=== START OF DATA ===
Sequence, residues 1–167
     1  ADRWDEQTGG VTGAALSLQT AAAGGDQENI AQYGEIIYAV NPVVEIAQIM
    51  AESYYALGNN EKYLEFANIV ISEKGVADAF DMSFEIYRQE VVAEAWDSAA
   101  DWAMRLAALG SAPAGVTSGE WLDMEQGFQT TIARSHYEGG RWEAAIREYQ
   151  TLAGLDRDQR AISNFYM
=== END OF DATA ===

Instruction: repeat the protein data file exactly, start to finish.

Sequence, residues 1–167
     1  ADRWDEQTGG VTGAALSLQT AAAGGDQENI AQYGEIIYAV NPVVEIAQIM
    51  AESYYALGNN EKYLEFANIV ISEKGVADAF DMSFEIYRQE VVAEAWDSAA
   101  DWAMRLAALG SAPAGVTSGE WLDMEQGFQT TIARSHYEGG RWEAAIREYQ
   151  TLAGLDRDQR AISNFYM